DRTV prices up

July 1, 2009       Michele Donohue      

You might have noticed a slight difference flipping between the flamboyant lifestyles of “The Real Housewives of New Jersey” and hankie -grabbing drama of Jon and Kate Plus 8.

Suddenly, there might be less debate about whether people are a Mac or a PC. You could have forgotten that Folgers coffee might indeed be the best part of waking up. You can even worry less about developing restless leg syndrome while sitting on your La-Z-Boy.

Most of the largest corporate advertisers have slashed their budgets. You’d think that charities would have more opportunities to enter DRTV (direct response television). In many cases you’d be wrong. While consumer companies are dropping spots, particularly on broadcast networks, there is a feeding frenzy for the airtime on cable and that either stabilized or pushed prices higher.

The slacking economy has taken a chunk out of U.S. advertising, according to The Nielsen Company. The latest statistics in March reported that advertising in 2008 declined almost $3.7 billion, which is down 2.6 percent compared to 2007 – allowing for nonprofits to reach the boob-tube watching masses.

The Salvation Army’s national “Amazing Grace” DRTV spot found success in the cable niche. The Alexandria, Va.-based organization’s 30-second spot highlights the organization’s Adult Rehabilitation Centers (ARC), in-residence programs including work therapy and counseling for those battling homelessness or addiction, and asks for in-kind donations. The spot’s call to action asks viewers to call a 1-800 number for in-kind donation pick up or for viewers to visit SATruck.org.

The campaign is running primarily on cable news outlets, such as CNN and Fox News, and launched on Inauguration Day. It will continue through the summer. “Our research shows that that is where we need to be and it’s been very successful for us in previous campaigns,” said Jon Lee, The Salvation Army’s brand manager at The Richards Group, an advertising agency in Dallas.

The Salvation Army also partnered with A&E TV as presenting sponsors of the Emmy-nominated series “Intervention.” Lee said that research found the show was popular within the spot’s target audience, and the show’s premise regarding helping people fight addiction fit the ARC mission.

Although the campaign is ongoing, Lee said that one-third of the visitors to SATruck.org are actively pursing some sort of donation option, such as searching for a donation center nearest to them.

“Right now is a great time for nonprofits that maybe have not had the budgets to get into television,” said Lee. “Nationally it’s soft, but the [cable] market isn’t that much different than it was before. But locally, there are a lot of opportunities out there with smaller budgets to make things happen.”

The top 10 advertisers, such as manufacturer household product giant Procter & Gamble and communications company AT&T, cut 15 percent of their advertising compared to 2007. The reduced advertising spending by the corporate goliaths opened more spots, especially this past fall when news of the recession hit a boiling point.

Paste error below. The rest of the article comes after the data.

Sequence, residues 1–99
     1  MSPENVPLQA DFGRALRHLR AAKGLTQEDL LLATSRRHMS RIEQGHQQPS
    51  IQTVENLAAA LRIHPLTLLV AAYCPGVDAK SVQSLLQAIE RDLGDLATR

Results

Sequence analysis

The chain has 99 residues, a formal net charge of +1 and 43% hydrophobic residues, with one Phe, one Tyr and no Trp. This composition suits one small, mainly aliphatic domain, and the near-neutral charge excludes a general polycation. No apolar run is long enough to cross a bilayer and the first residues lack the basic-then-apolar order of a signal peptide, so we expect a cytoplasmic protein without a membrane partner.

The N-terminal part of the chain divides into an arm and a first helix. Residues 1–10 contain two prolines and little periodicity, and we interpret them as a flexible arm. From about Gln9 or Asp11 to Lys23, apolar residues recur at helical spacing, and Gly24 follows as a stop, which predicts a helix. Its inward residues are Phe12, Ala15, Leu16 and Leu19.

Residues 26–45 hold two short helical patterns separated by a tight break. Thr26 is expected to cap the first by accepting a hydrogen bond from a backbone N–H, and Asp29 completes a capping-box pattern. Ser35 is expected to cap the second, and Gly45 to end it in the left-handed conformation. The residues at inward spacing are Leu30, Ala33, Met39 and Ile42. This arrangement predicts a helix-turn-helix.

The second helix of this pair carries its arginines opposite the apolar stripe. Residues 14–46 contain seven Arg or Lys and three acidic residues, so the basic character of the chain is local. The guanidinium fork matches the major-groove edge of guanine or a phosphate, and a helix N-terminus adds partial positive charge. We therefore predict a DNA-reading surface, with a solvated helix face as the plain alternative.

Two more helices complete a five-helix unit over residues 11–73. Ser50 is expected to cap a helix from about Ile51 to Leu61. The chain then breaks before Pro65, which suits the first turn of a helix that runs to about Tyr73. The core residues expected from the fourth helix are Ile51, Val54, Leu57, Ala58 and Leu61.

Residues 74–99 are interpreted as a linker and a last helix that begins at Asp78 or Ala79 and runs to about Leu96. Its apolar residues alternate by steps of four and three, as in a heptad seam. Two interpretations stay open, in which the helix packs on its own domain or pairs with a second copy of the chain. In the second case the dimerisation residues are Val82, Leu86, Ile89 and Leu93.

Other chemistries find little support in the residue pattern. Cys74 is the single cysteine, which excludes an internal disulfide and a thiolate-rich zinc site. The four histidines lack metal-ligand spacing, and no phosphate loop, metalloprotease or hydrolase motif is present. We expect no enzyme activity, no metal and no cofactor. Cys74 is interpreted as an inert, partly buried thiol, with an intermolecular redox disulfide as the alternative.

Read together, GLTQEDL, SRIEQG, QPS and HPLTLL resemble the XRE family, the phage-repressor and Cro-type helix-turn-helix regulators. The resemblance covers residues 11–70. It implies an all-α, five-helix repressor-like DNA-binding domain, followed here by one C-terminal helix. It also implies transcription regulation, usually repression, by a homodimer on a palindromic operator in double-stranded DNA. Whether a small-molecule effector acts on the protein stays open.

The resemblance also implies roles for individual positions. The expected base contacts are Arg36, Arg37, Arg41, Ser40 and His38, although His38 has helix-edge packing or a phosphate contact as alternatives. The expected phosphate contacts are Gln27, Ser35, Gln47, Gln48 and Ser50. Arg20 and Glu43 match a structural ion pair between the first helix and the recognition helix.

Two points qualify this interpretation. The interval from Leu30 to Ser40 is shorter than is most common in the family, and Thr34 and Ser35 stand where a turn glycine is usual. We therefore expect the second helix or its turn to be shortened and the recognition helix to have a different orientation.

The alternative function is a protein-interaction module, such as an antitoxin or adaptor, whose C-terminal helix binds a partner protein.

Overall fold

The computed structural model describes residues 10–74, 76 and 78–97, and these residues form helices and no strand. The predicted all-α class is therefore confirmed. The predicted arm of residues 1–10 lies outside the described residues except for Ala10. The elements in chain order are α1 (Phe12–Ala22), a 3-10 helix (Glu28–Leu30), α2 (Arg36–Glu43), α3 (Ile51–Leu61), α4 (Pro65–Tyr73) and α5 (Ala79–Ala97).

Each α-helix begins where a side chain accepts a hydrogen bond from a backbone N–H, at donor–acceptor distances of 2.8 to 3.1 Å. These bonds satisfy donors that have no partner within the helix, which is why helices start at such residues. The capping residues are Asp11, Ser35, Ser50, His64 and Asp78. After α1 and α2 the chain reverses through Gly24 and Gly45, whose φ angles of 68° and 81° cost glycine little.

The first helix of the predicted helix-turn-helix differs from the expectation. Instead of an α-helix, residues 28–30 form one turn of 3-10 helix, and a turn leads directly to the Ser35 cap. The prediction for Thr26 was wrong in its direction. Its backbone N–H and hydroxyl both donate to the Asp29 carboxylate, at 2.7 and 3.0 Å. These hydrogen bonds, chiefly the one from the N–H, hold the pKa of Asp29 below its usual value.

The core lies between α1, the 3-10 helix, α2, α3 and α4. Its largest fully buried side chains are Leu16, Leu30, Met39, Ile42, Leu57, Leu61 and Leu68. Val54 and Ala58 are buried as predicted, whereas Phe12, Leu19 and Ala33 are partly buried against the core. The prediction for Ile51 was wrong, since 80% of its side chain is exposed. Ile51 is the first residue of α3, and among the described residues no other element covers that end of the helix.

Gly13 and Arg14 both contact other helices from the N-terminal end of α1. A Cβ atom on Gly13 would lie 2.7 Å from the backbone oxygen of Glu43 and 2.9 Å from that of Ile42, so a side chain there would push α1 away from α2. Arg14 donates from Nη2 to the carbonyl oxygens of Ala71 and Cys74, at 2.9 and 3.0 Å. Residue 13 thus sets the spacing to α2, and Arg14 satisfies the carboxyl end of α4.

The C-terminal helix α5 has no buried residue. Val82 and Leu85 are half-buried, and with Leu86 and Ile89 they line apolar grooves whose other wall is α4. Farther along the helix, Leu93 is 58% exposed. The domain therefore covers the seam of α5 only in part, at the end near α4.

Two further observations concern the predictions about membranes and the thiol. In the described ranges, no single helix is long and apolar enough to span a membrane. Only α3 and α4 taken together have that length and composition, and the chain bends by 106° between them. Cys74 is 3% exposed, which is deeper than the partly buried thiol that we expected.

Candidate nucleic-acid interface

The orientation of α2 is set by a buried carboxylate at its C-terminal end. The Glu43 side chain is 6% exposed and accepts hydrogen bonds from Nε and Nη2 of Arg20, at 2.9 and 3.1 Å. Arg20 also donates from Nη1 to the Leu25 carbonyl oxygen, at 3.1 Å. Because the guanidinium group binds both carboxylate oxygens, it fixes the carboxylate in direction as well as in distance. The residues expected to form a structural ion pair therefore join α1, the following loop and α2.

DRTV media buying has traditionally been more difficult in the fall when general advertisers usually bump their spending in time for the holiday season, according to Graham Knope, president of Toronto-based Eagle-Com Inc. But this fall presented some great media buying opportunities when corporate advertisers started trimming their budgets.

The World Wildlife Fund (WWF) U.S. dove into DRTV a little more than a year ago and is learning about the medium as the organization goes along, according to Terry Macko, vice president of WWF U.S., headquarters in Washington, D.C.

“What we’ve seen is that some weeks there appears to be more media available than others — but that’s always been the case,” said Macko. But even with the weekly seesaw of media spot prices, Macko said he saw a significant rise in availability soon after reports of a recession surfaced in the fall.

“I would say when general advertisers started pulling back right after the Dow dropped and a few months after that there were a lot of media opportunities,” he said.

Some broadcast television markets tried to entice spending by offering deals in the fall, such as airing a bonus short- form spot if a long-form spot wasn’t performing, according to Kevin White, vice president of Russ Reid in Pasadena, Calif.

Those kinds of deal were “extremely unusual and a year ago they would have laughed at us if we asked for that,” he said, which allowed some flexibility for media buys. White said that some broadcast television stations lowered rates around 30 to 40 percent on average compared to what was charged in 2007.

With those deals and rates, you might expect a nonprofit appeal at every commercial break. But as general advertising has declined, direct response product companies have also seized the attractive media buy opportunities.

Direct response products, like ShamWow, the always-fashionable Snuggie and Mick and Mimi’s Magic Bullet, are competing for the same media buys left over after the general advertisers. Direct response product advertising spending increased 9.2 percent during 2008 compared to 2007, according to Nielsen, with companies making mammoth increases in media spend, like Video Professor (389 percent) and Allstar Marketing (318 percent).